On Wednesday 3rd March, Chancellor Rishi Sunak stood up in the House of Commons to give what is probably one of the most highly anticipated Budget speeches in many years. A full year into the COVID-19 crisis, his task was not an easy one: to provide workers and businesses with the support they need as the country slowly emerges from lockdown, while simultaneously acting to fix the £355bn hole in the public finances caused by a year of unprecedented borrowing.
However, Mr Sunak said that he would continue to do “whatever it takes” to protect jobs and keep businesses afloat, announcing an additional £65bn of measures across 2021 and 2022.
First on the Chancellor’s agenda was the extension of the furlough scheme, which has so far helped pay the wages of over 11 million employees at a cost of nearly £54bn so far. Originally due to end in April, the government has been facing calls for an extension as its roadmap out of lockdown will keep many businesses closed beyond this date.
Therefore, the Chancellor announced that the furlough scheme will be extended until 30 September, with employees continuing to receive 80% of their wages for hours not worked. From July, however, as businesses reopen, the government will begin asking employers for a 10% contribution, rising to 20% in August and September.
Self-employed support extended and expanded
The Self-Employment Income Support Scheme (SEISS) has previously come under fire from critics due to its eligibility criteria, with hundreds of thousands denied support because they were newly self-employed. So, in his speech, Mr Sunak extended the SEISS with two more grants covering the periods between February and April, and between May and July. But he also expanded access, enabling all self-employed workers who have filed their most recent tax return to claim the grant. This equates to 600,000 more self-employed people who are now eligible.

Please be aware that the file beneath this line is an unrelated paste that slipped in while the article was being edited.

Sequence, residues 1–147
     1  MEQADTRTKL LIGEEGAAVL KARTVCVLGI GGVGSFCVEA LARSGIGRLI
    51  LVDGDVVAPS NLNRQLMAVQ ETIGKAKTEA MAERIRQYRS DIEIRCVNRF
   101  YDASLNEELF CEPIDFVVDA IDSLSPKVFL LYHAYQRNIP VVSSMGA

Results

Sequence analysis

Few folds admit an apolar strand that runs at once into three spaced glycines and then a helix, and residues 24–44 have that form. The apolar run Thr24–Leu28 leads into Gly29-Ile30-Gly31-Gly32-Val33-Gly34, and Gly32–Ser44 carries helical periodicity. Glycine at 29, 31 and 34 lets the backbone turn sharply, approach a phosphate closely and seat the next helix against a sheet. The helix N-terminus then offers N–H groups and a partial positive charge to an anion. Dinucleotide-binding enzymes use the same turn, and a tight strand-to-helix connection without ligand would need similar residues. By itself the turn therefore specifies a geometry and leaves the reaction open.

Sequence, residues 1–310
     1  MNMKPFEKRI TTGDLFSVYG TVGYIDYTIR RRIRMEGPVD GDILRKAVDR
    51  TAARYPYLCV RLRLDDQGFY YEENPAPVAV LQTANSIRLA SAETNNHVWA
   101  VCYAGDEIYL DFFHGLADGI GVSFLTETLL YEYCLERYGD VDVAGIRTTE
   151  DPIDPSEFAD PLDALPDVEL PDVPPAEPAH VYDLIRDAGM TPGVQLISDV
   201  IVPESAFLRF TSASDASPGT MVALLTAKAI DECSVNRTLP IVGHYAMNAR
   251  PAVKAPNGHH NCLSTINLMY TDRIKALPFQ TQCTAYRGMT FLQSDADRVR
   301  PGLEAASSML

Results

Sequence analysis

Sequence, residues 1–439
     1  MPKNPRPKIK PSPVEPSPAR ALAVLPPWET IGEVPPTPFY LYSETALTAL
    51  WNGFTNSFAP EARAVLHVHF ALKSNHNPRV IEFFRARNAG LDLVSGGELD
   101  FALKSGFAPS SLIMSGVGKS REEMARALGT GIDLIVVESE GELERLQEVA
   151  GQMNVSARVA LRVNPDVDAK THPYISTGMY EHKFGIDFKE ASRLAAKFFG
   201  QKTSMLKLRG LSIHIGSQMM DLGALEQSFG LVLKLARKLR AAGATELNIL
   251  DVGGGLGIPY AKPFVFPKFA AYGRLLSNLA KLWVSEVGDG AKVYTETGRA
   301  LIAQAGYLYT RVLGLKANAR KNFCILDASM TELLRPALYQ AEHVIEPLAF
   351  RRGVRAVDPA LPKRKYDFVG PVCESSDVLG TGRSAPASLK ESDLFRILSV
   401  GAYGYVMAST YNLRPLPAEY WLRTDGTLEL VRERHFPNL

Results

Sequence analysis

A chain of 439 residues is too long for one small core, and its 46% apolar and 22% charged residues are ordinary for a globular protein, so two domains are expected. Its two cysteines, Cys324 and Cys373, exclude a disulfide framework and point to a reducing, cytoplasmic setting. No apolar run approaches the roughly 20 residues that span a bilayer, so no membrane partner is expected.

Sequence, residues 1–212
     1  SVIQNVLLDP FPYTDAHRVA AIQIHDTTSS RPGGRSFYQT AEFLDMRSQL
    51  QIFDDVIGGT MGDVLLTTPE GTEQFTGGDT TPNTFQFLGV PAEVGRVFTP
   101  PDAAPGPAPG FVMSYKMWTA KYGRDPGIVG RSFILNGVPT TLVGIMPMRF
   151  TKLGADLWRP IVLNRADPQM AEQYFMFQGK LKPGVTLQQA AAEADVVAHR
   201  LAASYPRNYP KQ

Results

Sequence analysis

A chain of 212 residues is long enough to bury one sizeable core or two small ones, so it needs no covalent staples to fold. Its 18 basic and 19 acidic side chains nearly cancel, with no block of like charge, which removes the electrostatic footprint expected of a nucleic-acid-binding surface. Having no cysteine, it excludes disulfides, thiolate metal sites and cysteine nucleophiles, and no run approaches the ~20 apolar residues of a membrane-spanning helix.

The Chancellor also announced that businesses who have suffered the most financially will receive the most support from the SEISS. While the fourth grant (February-April), will cover 80% of average trading profits for all eligible applicants, the fifth grant (May-July) will only offer 80% to people whose turnover has fallen by more than 30%. Those whose profits have fallen by less than 30% will be eligible for a grant covering 30% of their average trading profits.
Extra funding for training and apprenticeships
Following the success of the government’s Kickstart Scheme, which helps fund jobs, apprenticeships and training opportunities for young people, the Chancellor also confirmed he would be doubling the incentive payment for apprenticeship hires to £3,000 per apprentice, no matter what their age. He also said the government would be channelling a further £126 million into tripling the number of traineeship placements available.
Support for businesses
Current business grants are due to end in March, so the Chancellor announced a new package of ‘Restart Grants’ for April, tailored to the businesses who need them most. Because non-essential retail businesses are due to open first, they will be eligible for grants of up to £6,000 per premises. Hospitality and leisure businesses won’t be allowed to open until later, so they will be able to access grants of up to £18,000.
In addition to the Restart Grants, Mr Sunak also revealed a new Recovery Loan Scheme to enable businesses of any size to access loan finance ranging from £25,000 to £10 million, with an 80% government guarantee.
He also confirmed that the 100% business rates holiday for retail, leisure and hospitality businesses would be extended until the end of June, with a two-thirds discount applying for the remaining nine months of the financial year. Similarly, he extended the 5% reduced rate of VAT for the hospitality and tourism sector until 30 September, with an interim rate of 12.5% up until April 2022.
How will it affect me?
For tailored advice and guidance on how the new business support announcements could impact your business, please get in touch with our Employment Law team at email@example.com or contact a member of the Employment team.